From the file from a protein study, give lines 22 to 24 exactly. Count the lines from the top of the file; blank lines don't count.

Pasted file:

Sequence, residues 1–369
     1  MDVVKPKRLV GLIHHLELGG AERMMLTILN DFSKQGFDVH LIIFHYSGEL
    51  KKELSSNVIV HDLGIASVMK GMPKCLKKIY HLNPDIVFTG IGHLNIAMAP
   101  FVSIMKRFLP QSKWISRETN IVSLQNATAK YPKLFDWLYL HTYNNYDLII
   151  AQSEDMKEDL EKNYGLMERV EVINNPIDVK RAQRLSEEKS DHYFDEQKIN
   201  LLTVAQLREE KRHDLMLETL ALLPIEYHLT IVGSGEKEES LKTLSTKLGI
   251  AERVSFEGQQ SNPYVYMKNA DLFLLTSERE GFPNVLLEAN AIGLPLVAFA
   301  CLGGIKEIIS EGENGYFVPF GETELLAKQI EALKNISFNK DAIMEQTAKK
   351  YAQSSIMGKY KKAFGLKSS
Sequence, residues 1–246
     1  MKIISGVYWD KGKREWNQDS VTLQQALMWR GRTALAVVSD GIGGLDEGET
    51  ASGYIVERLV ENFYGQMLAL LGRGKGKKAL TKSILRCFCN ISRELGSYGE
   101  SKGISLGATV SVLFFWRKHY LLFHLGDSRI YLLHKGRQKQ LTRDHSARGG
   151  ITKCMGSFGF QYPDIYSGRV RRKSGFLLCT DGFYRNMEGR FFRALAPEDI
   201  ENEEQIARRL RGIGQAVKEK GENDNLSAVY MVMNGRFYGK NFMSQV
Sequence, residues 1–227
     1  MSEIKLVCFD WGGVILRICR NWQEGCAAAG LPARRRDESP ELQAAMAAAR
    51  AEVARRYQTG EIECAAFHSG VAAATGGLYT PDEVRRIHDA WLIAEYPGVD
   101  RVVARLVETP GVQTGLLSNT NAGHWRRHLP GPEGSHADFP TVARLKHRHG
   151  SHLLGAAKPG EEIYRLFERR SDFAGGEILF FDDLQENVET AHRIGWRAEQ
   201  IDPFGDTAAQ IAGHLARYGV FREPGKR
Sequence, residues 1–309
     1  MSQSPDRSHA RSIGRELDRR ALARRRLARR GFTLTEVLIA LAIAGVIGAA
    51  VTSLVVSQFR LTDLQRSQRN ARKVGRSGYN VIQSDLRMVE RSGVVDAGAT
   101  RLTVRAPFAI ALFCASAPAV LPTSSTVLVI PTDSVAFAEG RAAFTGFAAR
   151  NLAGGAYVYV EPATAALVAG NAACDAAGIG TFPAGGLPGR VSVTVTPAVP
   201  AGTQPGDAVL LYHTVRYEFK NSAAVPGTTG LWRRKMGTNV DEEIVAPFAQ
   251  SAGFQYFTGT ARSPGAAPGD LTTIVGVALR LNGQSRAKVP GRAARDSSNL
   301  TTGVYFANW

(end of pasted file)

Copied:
Sequence, residues 1–309
     1  MSQSPDRSHA RSIGRELDRR ALARRRLARR GFTLTEVLIA LAIAGVIGAA
    51  VTSLVVSQFR LTDLQRSQRN ARKVGRSGYN VIQSDLRMVE RSGVVDAGAT